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Following my previous post here , I tried to do what was suggested and convert the code into a Tail-recursion method with let .

The original code - which does not work (due to using val inside if condition) :

fun func() = 

val decimal = 0 (* the final result *)
val multiple = 0 (* keeps track of multiples, eg. In XXV, X would be a multiple *)
val current = 0 (* the digit currently being processed *)
val top = 0   (* value of the last element in the list *)
val last_add = 0 (* the last digit that wasn't a multiple, or subtraction operation *)
val last_sub = 0
val problem = 0 (* if value is 1 then there is a problem with the input *)
val myList = [1,2,3,4,5] (* the list has more values *)

while (myList <> [])    (* run while the list is not empty *)

    val current = tl(myList) (* grab the last element from the list *)
    val myList = tl(myList) (* remove the last element from the list *)
    val top = tl(myList) (* grab the value at the end of the list *)
    if ( myList <> []) andalso (current > top))
       then      

                val decimal = decimal + current - top
                val last_sub = top;
                val myList = tl(myList)
       else     
           if ( (myList = []) andalso (current = top))
              then val decimal = decimal + current
                   val multiple = multiple + 1
              else
                  if (last_sub = current)
                     then val problem = 1

                     else
                          val decimal = decimal + current
                          val multiple = 0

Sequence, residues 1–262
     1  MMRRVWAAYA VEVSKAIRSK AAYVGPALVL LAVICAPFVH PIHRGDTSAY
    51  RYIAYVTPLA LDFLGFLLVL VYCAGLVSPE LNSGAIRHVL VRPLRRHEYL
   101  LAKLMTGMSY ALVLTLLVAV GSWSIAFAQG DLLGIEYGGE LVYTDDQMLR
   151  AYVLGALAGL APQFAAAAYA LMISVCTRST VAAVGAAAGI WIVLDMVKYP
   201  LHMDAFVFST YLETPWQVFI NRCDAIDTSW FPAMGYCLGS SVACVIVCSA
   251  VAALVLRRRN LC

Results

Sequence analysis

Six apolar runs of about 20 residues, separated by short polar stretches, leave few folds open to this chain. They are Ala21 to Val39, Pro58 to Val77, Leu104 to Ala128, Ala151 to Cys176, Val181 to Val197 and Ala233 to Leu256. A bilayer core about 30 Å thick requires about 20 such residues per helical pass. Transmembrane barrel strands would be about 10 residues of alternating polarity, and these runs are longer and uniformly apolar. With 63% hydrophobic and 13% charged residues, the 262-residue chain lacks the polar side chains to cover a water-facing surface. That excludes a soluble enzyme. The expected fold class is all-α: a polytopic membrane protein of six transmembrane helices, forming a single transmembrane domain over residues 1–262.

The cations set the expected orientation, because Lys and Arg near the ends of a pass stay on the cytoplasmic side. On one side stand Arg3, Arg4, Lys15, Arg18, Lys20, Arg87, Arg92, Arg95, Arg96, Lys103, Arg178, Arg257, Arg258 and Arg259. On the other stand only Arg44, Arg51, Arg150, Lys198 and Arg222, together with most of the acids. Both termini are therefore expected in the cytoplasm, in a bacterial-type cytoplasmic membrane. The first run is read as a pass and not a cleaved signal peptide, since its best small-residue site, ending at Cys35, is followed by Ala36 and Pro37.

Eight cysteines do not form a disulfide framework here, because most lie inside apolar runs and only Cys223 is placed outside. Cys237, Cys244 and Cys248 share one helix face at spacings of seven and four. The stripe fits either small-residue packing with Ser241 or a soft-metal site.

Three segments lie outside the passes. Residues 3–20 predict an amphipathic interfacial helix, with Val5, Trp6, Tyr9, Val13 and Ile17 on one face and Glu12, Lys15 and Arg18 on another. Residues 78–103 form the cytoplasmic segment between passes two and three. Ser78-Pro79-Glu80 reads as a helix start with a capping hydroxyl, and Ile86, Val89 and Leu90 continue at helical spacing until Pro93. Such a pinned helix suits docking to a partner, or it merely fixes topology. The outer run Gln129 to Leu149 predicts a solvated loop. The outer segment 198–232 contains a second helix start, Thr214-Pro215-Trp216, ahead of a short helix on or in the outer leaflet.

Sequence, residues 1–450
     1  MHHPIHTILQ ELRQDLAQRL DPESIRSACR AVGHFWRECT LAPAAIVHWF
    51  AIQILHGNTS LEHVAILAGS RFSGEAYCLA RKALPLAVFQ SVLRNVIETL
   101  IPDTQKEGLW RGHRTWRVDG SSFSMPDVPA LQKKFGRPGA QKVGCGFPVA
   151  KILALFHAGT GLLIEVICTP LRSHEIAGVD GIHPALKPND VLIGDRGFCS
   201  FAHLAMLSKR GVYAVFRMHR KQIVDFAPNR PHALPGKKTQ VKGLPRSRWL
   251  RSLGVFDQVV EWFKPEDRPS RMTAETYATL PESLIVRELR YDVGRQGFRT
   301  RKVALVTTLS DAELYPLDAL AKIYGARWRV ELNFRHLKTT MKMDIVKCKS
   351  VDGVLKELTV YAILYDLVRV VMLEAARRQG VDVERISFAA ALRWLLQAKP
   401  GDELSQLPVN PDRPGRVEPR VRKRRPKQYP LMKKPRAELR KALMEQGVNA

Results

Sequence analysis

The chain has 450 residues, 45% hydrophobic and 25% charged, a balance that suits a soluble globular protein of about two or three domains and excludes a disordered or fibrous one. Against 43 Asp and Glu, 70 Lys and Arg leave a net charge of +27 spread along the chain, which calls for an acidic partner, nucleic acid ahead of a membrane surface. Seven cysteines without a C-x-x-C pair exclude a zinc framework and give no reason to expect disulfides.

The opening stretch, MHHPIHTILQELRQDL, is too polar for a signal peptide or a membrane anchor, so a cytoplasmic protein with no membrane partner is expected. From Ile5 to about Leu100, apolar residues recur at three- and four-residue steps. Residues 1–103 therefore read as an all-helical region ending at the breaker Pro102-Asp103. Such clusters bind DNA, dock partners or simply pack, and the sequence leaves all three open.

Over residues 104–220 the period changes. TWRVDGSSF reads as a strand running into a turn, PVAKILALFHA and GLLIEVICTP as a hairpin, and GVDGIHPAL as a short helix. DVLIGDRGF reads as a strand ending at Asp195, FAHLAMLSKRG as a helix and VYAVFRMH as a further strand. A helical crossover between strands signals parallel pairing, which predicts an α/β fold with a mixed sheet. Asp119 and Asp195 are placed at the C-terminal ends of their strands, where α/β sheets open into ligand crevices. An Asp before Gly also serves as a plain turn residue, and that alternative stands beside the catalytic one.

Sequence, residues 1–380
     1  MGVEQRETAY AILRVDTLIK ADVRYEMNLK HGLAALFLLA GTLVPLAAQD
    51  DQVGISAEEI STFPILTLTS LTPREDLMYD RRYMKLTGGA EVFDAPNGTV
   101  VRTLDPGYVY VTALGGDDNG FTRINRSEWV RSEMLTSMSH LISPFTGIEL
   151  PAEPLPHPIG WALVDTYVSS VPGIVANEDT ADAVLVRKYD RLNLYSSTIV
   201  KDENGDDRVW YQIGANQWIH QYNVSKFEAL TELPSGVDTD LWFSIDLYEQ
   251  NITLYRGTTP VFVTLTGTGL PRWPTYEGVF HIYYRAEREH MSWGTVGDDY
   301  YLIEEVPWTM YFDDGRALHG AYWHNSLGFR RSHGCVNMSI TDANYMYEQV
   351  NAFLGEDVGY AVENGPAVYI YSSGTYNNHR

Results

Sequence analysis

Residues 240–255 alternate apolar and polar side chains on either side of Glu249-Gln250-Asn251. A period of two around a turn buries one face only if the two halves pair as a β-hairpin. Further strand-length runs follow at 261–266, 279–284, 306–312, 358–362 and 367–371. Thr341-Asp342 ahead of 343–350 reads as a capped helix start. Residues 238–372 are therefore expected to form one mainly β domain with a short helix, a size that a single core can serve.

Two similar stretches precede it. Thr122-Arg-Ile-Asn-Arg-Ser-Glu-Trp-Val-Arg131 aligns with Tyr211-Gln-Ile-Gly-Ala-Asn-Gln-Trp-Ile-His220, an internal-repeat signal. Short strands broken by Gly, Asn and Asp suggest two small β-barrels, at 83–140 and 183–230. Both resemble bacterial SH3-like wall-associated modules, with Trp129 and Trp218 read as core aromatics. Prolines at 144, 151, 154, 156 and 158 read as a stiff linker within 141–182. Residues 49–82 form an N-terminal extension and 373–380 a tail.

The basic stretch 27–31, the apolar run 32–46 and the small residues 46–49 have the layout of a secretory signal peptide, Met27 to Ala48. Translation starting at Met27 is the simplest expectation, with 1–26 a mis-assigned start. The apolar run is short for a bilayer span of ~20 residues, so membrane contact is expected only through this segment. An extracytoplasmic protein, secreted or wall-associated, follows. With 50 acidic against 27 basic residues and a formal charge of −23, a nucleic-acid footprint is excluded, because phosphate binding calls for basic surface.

val last_add = current

And the code as a tail-recursion method :

fun calc [] = 0
    |calc [x] = x
    |calc (head::tail) = 
       let 
          val decimal = 0
          val multiple = 0
          val current = 0
          val top = 0  
          val last_add = 0
          val last_sub = 0
          val problem = 0  
          val doNothing = 0
       in      

          let
              val current = hd(rev(head::tail))  (* grab the last element *) 
              val head::tail = rev(tl(rev(head::tail)))  (* POP action - remove the last element from the list *)
              val top = hd(rev(head::tail))      (* grab the new last element after removing *)
              in 
                if (current > top) then 
                    let 
                          val decimal = decimal + current - top
                          val last_sub = top 
                          val head::tail = rev(tl(rev(head::tail)))  (* POP action - remove the last element from the list *)
                    in
                    calc(head::tail)
                    end
                else
                 if ( (head::tail = []) andalso (current = top))
                   then let 
                          val decimal = decimal + current
                          val multiple = multiple + 1
                        in 
                          calc(head::tail)
                        end
                 else 
                     if (last_sub <> current)
                       then let 
                               val decimal = decimal + current
                               val multiple = 0
                               val last_add = current
                            in 
                               calc(head::tail)
                            end
                     else
                        (* do nothing *)    
                        val doNothing = 0
               end      

       end; 

However , when I try to enter :

calc([0,100,20,30,4,50]);